UPDATE: Goldman Sachs clients have received information about Facebook's financials, Reuters reports. The six-page document, Reuters reports, reveals that "during the first nine months of 2010, Facebook generated $1.2 billion in revenue. Net income at the firm was $355 million. The copies were apparently hand-delivered to the bank's rich clients.
With the SEC reportedly scrutinizing the details of the Goldman Sachs, Facebook deal, new details have emerged about the tech giant's financials, Dealbook reports.
According the New York Times' Andrew Ross Sorkin and Susanne Craig, in 2010 Facebook pulled in approximately $2 billion in revenue, with some $400 million in profit. In 2009, the company recorded revenues of approximately $770 million, with $220 million in profit. The reported numbers offer a rare glimpse into Facebook's closely-guarded financials.
But the apparently limited information into Facebook's earnings aren't stopping wealthy clients at Goldman Sachs from chomping at the bit for a share of the social networking site.
In addition to Goldman Sachs original investment, the bank is trying to sell $1.5 billion more in shares to wealthy clients - an offer that will reportedly be overbooked today, with Fortune suggesting that the investment could total $2 billion.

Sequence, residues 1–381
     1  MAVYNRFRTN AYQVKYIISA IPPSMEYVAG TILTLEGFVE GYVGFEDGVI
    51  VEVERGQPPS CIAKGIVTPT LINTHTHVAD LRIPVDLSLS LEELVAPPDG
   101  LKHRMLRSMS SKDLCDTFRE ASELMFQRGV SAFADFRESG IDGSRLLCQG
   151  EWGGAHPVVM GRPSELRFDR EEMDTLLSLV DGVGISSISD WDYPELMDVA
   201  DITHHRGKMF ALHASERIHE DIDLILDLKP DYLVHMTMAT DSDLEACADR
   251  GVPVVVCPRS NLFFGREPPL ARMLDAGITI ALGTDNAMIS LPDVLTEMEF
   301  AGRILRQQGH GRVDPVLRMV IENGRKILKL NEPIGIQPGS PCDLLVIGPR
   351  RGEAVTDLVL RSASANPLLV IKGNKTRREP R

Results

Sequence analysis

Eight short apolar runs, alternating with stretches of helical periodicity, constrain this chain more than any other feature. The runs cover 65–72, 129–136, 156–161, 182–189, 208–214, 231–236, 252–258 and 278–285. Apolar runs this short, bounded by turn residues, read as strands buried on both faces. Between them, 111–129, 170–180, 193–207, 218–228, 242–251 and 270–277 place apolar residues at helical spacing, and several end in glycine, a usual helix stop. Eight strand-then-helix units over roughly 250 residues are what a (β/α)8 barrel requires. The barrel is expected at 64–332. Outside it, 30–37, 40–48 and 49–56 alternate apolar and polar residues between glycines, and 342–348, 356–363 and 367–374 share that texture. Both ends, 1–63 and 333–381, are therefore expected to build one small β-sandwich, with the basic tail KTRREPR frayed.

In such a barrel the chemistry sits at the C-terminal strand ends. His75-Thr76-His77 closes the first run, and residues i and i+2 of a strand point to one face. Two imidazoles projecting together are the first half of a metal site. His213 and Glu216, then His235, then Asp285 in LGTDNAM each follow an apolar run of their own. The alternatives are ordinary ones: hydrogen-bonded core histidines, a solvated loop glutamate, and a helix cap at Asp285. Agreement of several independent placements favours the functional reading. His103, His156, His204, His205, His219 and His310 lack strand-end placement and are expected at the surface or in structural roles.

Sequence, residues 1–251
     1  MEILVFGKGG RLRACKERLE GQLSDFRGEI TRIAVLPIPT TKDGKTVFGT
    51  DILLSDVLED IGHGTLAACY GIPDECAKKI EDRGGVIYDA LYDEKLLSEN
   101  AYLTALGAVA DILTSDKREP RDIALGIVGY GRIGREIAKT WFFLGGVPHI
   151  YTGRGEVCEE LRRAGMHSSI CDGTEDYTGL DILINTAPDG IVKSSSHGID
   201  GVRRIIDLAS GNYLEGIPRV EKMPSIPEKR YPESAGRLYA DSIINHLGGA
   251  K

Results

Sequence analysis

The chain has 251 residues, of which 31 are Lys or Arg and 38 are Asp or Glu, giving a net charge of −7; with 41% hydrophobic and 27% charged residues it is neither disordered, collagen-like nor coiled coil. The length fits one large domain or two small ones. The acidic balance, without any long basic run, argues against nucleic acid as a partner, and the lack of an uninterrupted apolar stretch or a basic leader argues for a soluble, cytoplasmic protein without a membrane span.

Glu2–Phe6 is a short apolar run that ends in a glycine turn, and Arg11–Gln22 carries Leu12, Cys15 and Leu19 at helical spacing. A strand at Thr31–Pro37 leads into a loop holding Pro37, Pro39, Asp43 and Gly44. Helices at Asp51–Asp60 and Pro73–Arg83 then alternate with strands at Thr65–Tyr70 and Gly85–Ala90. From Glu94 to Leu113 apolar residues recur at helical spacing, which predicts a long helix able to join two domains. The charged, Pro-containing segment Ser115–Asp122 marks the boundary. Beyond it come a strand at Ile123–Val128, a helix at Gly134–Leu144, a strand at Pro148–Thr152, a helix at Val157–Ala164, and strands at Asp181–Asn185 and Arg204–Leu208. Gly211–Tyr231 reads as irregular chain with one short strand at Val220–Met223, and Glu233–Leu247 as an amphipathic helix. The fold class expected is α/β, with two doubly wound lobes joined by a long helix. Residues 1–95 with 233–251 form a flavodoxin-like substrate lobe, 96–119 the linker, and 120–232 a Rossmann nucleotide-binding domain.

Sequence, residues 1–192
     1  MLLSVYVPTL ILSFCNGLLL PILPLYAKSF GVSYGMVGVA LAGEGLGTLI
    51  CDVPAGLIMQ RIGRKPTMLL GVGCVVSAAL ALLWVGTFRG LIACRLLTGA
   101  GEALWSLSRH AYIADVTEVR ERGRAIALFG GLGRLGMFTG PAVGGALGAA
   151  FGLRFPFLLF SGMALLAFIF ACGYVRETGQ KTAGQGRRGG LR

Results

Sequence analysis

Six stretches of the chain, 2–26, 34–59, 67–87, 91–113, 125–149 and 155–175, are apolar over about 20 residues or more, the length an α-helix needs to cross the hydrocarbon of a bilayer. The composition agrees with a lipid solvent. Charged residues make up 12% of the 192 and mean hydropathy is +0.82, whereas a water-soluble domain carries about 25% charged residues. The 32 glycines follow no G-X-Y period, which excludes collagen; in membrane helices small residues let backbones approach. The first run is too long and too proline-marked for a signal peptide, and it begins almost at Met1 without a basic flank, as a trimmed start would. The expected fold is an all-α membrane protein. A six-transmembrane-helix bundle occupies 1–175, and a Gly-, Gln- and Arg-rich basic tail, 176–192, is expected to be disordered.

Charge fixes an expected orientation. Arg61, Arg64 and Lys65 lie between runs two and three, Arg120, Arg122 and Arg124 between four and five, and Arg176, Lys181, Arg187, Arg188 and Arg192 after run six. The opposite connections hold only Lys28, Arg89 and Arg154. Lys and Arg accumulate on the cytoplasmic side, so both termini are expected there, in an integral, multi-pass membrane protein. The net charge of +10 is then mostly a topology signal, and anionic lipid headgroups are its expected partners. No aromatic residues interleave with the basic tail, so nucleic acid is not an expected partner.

The investment has been so popular, the Wall Street Journal reports, that Goldman had to close out its offering a day early:
"Inundated with demand, Goldman Sachs Group Inc. plans to stop taking orders for shares of Facebook Inc. on Thursday, and has told some would-be investors to expect just a small fraction of the shares they requested, according to people familiar with the situation.
But excited investors might be getting ahead of themselves: Bloomberg reports that Goldman Sachs might, at anytime, unload its recent investment in Facebook. Here's Bloomberg:
"In the last sentence of a one-page investment profile sent to private wealth clients, the firm explains: "GS Group may at any time further reduce its exposure to its investment in Facebook (through hedging arrangements, sales or otherwise), without notice to the fund or investors in the fund."
According to Dealbook, Goldman Sachs Capitol Partners, a prominent investment group within the bank, was offered the first chance to buy up shares in Facebook, but passed on the investment. Richard Friedman, the division's head, reportedly felt the deal wasn't right for his clients.